How "hunches" or intuition may have a stronger impact on decisions.
I think I would like this book a little better if I hadn't just heard Outliers, which set an impossibly high bar. It is still definitely worth the read as Gladwell is an excellent author that is sure to bestow perspectives that you hadn't considered.
Never read the printed version but the audio version is very captivating. My buddy started listening to it along with me in the car and bought the printed version just so he could finish the book. He liked it that much.
In introduction where they talk about the art auction and what transpired around that purchase.
No but this one is a winner.
Your first impressions should not be discounted so much because there are many, many things our brain picks up on that we are not conscious of because our brain is that good.
This book will give you the freedom to trust your intuition a little more and to stop questioning your first impressions so much.
My teenage son needed a non-fiction book for his honors English class. He chose Blink and loved it! He still brings up things that he learned about how the brain works. As the mom of this "jock", I'm just so happy he found something that interested him other than sports and spies!
In my earlier years I thought that my instinctual responses were more of a mystical nature that I could not understand, Malcolm reveals the actual workings within those quick milliseconds of the moment, and how you can direct or correct your natural response in future situations.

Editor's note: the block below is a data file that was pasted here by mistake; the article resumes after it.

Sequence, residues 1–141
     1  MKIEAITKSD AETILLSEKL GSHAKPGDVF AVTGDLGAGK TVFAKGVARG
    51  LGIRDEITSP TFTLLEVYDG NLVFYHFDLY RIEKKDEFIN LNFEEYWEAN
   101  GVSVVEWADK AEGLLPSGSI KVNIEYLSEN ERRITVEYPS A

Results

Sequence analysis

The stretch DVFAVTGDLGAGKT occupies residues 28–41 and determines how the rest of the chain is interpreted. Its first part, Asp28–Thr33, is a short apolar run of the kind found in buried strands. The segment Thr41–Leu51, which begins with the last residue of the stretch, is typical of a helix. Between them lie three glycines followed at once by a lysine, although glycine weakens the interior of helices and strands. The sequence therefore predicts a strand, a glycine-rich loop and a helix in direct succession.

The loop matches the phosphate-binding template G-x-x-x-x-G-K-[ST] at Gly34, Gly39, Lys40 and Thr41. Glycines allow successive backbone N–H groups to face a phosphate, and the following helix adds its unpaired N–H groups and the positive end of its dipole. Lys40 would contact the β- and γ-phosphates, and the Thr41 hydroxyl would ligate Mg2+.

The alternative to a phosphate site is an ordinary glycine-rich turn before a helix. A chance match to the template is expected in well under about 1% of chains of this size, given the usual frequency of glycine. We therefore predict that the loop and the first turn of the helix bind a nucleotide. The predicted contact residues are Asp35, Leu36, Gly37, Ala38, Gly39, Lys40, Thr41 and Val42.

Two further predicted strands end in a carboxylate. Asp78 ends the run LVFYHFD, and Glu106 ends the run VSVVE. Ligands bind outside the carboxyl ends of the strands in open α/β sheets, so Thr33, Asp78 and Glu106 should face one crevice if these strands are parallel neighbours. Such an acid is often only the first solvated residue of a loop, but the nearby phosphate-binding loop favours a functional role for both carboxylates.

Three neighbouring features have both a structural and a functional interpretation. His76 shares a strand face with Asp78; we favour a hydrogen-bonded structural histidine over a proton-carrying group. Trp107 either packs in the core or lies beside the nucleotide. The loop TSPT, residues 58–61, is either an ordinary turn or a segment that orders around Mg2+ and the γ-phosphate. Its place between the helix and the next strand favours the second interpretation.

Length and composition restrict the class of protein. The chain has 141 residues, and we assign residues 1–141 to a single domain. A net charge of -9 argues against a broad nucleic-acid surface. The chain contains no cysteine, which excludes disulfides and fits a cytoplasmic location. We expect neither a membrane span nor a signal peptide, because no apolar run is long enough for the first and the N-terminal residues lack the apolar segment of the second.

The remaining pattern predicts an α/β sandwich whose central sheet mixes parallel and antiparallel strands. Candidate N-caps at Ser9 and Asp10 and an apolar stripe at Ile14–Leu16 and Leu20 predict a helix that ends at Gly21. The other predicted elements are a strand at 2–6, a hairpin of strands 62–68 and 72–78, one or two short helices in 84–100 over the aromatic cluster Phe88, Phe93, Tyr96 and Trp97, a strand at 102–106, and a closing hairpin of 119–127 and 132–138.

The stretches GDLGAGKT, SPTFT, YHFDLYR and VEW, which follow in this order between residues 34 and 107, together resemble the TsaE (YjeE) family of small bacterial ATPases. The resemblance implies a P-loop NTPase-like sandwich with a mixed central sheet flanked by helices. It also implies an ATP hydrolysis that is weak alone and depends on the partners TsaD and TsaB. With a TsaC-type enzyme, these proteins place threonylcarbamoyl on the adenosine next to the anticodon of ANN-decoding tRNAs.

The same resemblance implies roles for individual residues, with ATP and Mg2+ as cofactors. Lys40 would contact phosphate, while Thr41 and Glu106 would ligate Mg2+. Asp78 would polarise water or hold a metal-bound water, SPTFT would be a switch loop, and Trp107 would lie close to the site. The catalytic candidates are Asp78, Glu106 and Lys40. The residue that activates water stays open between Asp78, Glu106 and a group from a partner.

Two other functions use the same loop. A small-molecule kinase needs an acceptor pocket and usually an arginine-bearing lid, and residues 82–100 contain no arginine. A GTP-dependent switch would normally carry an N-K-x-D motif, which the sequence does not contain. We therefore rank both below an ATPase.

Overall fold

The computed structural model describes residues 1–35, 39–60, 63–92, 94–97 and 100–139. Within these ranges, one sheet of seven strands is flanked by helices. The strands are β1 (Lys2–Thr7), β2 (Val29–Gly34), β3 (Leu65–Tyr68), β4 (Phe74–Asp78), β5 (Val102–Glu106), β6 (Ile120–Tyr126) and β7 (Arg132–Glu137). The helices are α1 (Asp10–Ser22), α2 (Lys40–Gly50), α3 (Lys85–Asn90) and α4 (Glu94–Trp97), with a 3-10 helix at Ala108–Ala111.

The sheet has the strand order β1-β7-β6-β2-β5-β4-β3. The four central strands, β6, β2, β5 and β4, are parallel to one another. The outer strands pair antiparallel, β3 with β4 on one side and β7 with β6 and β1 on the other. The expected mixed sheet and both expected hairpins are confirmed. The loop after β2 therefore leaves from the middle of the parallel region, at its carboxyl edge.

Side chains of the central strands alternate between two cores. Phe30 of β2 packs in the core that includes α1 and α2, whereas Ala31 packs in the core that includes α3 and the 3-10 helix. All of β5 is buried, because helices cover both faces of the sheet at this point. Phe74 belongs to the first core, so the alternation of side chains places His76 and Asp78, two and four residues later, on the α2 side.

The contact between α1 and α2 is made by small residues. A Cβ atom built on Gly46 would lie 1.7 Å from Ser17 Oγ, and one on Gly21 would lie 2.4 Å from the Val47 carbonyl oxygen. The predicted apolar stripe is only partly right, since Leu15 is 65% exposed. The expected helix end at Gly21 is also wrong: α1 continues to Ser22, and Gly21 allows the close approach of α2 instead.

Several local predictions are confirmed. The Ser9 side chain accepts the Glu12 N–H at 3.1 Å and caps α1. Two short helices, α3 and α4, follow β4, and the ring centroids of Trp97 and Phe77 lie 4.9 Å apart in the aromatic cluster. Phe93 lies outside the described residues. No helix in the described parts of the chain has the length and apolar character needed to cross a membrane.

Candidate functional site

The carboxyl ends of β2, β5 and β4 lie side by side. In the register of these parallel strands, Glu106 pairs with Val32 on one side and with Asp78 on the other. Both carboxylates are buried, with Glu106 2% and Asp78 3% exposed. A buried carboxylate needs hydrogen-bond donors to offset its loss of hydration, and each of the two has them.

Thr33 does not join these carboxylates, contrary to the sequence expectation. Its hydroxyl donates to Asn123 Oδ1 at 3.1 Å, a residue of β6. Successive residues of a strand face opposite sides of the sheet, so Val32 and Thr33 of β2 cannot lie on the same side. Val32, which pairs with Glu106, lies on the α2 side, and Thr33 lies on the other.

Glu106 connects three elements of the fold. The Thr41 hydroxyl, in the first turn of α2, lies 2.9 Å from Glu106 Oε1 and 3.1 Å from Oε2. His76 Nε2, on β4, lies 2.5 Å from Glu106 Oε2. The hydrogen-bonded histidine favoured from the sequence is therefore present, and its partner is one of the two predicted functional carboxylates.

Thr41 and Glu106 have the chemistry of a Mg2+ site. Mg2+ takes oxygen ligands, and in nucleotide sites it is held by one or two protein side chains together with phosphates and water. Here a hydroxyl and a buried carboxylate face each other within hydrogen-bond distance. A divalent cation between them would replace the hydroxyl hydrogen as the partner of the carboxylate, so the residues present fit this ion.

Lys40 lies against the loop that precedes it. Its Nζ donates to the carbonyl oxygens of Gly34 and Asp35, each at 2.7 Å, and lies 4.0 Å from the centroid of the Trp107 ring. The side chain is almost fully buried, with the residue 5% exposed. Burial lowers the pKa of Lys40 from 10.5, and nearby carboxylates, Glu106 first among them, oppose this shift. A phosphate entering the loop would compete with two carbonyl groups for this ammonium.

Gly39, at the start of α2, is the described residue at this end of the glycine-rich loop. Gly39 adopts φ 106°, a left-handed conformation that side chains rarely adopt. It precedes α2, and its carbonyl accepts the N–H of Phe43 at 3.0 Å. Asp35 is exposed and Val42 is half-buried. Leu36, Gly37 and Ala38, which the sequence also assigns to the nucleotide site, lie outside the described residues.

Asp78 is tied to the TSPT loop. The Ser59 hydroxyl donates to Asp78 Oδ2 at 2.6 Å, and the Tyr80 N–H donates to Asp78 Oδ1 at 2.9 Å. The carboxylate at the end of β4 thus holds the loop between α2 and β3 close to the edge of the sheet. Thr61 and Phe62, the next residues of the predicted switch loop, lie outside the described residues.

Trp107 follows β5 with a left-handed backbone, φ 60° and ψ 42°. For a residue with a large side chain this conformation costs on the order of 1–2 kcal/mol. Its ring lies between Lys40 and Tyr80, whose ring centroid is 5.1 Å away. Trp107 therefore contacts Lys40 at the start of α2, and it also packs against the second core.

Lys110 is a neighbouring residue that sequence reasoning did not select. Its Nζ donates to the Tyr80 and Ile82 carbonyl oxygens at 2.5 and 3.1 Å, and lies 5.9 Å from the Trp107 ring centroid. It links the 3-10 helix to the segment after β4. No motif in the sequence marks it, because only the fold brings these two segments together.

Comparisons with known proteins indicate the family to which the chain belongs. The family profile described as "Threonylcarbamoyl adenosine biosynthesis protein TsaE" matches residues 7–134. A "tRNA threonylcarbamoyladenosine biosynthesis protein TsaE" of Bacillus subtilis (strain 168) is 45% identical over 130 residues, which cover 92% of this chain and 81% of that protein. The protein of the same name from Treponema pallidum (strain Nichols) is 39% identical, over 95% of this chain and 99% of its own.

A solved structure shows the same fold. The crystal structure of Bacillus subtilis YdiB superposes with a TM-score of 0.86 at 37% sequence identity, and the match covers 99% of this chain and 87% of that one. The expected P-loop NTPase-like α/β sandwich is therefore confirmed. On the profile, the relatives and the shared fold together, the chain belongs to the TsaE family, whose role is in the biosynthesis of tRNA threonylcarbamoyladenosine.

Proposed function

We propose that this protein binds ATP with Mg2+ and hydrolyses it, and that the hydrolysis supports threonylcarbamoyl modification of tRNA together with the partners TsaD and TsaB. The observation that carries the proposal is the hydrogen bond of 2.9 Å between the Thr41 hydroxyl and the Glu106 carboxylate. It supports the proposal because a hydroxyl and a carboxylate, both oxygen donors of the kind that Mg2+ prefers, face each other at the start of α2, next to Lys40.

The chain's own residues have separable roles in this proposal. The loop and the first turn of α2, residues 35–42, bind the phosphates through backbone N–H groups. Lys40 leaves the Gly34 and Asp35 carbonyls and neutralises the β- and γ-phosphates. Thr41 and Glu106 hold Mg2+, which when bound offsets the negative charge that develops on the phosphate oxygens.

Highly recommended. Its amazing what happens in those few seconds before we have the time to absorb a high stress situation. Enjoyed this very much
I'm a photo retoucher, so audiobooks are my salvation from boredom. I listen to a couple books a week & several I've listened to more than once. It's extremely rare, though, for me to review a book b/c honestly, I just don't have the time. ....gonna make an exception here.
1. Semi entertaining / interesting stories - anecdotal information that was pretty easy to listen to & loosely kept my attention . That's about all I ask of an audiobook, to be frank. They can't all be gems.
2. Author's voice was just fine. I wouldn't say I would seek out more books narrated by him, but it wasn't grating to listen to....again, that's all I really ask for.
3. What I didn't ask for was to be hit over the head with an incredibly offensive, ignorant remark made by one of the "characters" in Gladwell's book without even as much as an acknowledgement that the remark was at best a bit questionable.
A facial expressions "expert" was given videos of 2 groups of people - remote cultures that he knew nothing about. All context as to what kind of people they were was removed so that he could make his discernment based solely on their facial movements.
One culture was a very gentle, kind, peaceful tribe. The other was a warring, violent tribe with a ritual that gave pre-pubescent boys male to male leaders of the tribe as essentially sex slaves.
Gladwell recounts the "expert" as stating definitively that the 2nd tribe appeared to be a violent culture with very pronounced tendencies toward homosexuality.
EXSQUEEZE ME? ARE YOU KIDDING? I almost fell out of my chair.... SO, BASICALLY, GLADWELL IS PRESENTING THE AMAZING FACTUAL FINDINGS OF THIS "EXPERT" WHO EQUATES PEDOPHILIA WITH HOMOSEXUALITY .....and not even the slightest hint that the author may have suspected this to be a bit out of bounds. ....I did a couple quick searches online and found that Gladwell does appear to be fine with "the gay" - so, basically his omission is just one of ignorance & block-headishness.
Ick. Yuck. Gross.
Will not be purchasing any other books from this author. From what I've gotten from this book, I doubt I'll be missing much.